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Derrick Harriell’s ROPES: Poems on Boxing, America, and Us

Derrick Harriell’s new poetry collection ROPES, from Willow Books, effortlessly carries many themes, just as its title does. ROPES can hang us, save us, bind us. Sometimes in our lives we’re “on the ropes.” These poems are as rich and layered as the collection’s title.  This collection is historical poetry, sports poetry, boxing poetry and beautiful poetry. We see America’s love of boxing and its racial sins side by side. ROPES takes you back to boxing champions Jack Johnson and Rocky Marciano and then carries you to the remarkable Ali vs Frazier fights. You get some Mike Tyson, Buster Douglas, and Sugar Ray Robinson for good measure. You hear these boxers speak in a deeply human voice. This is one of the collection’s strengths– the humanity it reveals in these rough characters. We hear in their voices, the voices of those they loved, some they hated, even some they feared.

ROPES’ greatest strength comes later in the book– at least it did for me– when I realized the human voices of these boxers is also my voice.

One of the earlier sets that moved me is “Letters to Joe Frazier from Mike Tyson.” Imagine traveling inside a young Mike Tyson’s thoughts as the poem does:

Joe,
I returned from the hospital,
and sat in the front row
as daddy spun mama
about the house
till she became a broken ballerina
in a blood-smeared tutu.

If my fists were bigger
than golf balls
I would’ve driven them
through his head
with an assassin’s
intent, believing one bullet
could change the world.

In a later poem, “Letters on Love: Tyson Writes Muhammad Ali,” the poem concludes with a gorgeous stanza:

Allah found me in a prison cell,
wiped me clean.

Now I know how it feels to willingly hit
your knees, open your hands,
let something in.

One of my favorites is “Tupac Shakur Reads Letter from Mike Tyson.” The epigraph indicates “Clinton Correctional Facility, New York, 1995” Stanza two reads:

Prison is no place for gods,
it’ll yank stars out you, and once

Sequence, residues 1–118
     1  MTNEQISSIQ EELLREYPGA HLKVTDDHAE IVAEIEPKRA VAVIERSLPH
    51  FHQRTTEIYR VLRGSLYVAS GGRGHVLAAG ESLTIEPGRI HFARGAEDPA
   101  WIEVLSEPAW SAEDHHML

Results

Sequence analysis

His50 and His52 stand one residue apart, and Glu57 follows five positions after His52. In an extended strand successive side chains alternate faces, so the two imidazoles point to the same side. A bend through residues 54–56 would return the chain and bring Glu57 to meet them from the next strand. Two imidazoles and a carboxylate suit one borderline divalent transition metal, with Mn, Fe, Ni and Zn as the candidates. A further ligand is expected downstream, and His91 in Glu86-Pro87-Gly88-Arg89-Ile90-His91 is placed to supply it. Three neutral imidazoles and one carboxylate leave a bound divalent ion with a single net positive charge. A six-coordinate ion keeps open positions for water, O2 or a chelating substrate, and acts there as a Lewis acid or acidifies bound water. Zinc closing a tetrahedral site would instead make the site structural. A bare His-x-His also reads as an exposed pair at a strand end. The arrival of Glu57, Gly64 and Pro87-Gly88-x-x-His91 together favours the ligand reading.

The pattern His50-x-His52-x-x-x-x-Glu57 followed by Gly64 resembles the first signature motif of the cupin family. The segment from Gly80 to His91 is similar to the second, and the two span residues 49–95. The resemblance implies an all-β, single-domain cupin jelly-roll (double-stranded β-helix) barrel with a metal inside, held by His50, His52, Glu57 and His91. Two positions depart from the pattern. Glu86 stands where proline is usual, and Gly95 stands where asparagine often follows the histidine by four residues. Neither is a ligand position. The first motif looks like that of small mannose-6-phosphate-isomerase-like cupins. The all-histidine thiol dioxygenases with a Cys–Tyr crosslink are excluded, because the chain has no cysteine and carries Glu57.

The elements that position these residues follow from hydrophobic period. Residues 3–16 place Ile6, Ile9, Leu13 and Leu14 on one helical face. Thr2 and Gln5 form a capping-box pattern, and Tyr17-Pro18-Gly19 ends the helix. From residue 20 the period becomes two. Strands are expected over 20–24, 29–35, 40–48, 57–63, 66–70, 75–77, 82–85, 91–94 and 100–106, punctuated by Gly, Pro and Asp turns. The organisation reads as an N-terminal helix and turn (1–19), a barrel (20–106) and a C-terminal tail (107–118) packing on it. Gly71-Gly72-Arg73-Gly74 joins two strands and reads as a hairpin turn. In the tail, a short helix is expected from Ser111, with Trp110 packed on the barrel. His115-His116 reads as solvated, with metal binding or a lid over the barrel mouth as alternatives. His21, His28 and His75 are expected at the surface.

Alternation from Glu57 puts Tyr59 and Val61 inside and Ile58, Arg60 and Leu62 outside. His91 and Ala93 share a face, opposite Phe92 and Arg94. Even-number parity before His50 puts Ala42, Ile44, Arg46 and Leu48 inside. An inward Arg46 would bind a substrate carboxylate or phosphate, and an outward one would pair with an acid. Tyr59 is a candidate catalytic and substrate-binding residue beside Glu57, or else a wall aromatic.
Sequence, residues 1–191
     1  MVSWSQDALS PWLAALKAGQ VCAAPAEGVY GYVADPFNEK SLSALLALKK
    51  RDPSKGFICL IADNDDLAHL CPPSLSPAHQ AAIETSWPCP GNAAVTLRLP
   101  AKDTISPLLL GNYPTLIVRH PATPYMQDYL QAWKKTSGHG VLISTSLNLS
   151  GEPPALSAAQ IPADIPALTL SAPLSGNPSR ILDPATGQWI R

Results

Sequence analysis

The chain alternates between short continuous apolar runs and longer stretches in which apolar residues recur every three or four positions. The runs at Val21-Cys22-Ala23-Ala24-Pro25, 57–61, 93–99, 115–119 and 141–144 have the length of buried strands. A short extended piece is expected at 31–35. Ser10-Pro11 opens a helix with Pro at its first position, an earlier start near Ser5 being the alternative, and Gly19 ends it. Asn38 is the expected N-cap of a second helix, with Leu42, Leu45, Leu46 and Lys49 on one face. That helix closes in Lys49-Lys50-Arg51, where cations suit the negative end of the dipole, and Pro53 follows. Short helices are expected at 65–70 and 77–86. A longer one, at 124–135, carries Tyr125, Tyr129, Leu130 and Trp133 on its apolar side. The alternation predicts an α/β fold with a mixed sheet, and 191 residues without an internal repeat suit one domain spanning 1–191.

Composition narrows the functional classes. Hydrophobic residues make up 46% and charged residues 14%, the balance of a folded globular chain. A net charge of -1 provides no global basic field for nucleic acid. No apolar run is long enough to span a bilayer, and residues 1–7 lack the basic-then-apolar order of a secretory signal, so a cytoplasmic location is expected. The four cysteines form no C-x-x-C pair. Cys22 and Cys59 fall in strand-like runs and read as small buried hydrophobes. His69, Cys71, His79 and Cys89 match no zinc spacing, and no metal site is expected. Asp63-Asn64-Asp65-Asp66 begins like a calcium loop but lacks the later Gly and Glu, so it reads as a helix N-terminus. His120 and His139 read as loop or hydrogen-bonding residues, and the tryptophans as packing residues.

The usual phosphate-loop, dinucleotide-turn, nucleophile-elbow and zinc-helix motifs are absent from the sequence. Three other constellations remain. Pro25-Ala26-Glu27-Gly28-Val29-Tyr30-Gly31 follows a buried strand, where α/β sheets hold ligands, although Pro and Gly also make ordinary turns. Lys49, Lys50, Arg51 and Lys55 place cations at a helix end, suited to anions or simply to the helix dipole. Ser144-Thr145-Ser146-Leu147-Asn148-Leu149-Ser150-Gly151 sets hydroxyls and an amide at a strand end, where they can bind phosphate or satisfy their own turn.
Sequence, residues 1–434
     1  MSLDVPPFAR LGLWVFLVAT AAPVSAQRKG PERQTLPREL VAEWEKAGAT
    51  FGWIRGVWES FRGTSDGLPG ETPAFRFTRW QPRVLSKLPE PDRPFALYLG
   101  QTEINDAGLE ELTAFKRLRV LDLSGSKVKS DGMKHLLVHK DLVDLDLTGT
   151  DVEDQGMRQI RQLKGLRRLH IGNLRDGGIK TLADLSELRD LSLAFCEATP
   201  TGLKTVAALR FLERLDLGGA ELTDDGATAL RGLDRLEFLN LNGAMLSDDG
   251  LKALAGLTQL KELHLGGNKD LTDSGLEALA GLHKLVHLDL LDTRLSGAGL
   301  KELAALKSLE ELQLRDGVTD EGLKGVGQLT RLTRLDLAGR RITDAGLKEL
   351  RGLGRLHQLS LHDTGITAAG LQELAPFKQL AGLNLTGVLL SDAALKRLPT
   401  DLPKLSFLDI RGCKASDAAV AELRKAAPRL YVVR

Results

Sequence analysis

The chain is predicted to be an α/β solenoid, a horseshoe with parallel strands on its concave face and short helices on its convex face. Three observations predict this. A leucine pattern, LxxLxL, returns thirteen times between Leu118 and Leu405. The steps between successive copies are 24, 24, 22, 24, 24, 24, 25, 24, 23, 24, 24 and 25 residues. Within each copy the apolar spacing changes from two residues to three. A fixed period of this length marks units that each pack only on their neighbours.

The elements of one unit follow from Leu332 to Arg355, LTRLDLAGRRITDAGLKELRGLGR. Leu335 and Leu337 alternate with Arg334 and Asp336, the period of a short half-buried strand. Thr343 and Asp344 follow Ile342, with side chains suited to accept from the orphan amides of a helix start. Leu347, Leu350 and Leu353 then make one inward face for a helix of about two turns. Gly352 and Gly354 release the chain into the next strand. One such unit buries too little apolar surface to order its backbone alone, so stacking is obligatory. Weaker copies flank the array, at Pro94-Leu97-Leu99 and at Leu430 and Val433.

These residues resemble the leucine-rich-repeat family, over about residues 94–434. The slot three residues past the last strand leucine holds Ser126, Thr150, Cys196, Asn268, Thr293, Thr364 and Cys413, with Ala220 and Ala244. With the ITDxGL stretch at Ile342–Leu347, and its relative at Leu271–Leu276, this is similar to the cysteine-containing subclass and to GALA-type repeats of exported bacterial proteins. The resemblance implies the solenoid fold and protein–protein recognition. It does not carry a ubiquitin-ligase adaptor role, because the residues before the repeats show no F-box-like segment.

they’ve taken your stars
they’ll come for your moons.

Some of my favorites, in this book of many favorites, are the poems about the epic fights between Ali and Joe Frazier. I remember these from grade school and middle school. I remember too my dad introducing me to boxing through these fights– a few of which we watched together. I especially love “Recapping Ali vs Frazier I: As Told by Ringside Journalist”

Ladies and gentlemen,
it was billed as “The Fight”
in the holy war, Allah versus Christ,
butterfly dips colliding with fists.
It didn’t disappoint.
As Hollywood selected sides,
Ali turned the ring ice,
orbiting Frazier like an angry satellite,
crimson fists fast
like meteorites.

Joe battled. 
A determined lumberjack
stalking a tree,
a pissed off bull seeing blood,
a big bad wolf blowing feverishly.
Ali’s kidney’s 
asked to see an imam
in round fifteen, drank coffee 
with Frazier’s broken jaw
in a hospital cafeteria
the following morning.

These are rich descriptions with discipline. Harriell’s lines and insights are accessible and surprising at the same time. With a sweaty sheen of beauty glazing lots of these poems.

Some of the most tender poems– and there are tender poems here– are the ones that reach back in time. In “Letters to Jack Johnson from Joe Louis, Rural Alabama, 1925” we get beautiful lines like these:

Jack, 
They say my father a mad man, crazy person
makes love to the walls of some asylum,
I don’t know him.

Among the saddest poems here is “Found–Jack Johnson Goes to Jail” Court Refuses Cash Bail and He Cannot Find Bondsmen.” New York Times, November 9, 1912:

Jack Johnson
champion heavyweight pugilist of the world,
tonight occupied a cell
in the County Jail
due to his failure to furnish
a $30,000 bond for his release
on the beastly charge of sleeping
with a white woman.

As he left the Federal Building,
handcuffed to Deputy Marshall Ed,
after a futile plea
not to have his writes manacled,
Johnson seemed greatly dejected.
And in his extended fight
to reduce years,
he shed tears.

The most beautiful lines, to my mind, come in a short poem near ROPES’ end. Here is the first stanza from “There Are Ghosts inside Here: Jack Johnson Writes Joe Louis” The epigraph reads: United States Penitentiary, Leavenworth, August 1920:

Joe, 
There are ghosts inside here,
floating men abandon their youth each hour.
Youngblood called me black Moses
before hanging himself with a rusted dream.
We take turns dying.

This is the poem where we see the fights, the prisons, the loves, the fears of these men really belong to us all. These men have names we all know. But they have souls we know too– because Derrick Harriell shows us how similar we all are. I’ve never even put on a pair of boxing gloves. But I know “We take turns dying.”

These poems will last because, in the end, they are not only about some of the great legends of boxing. They are about us all.

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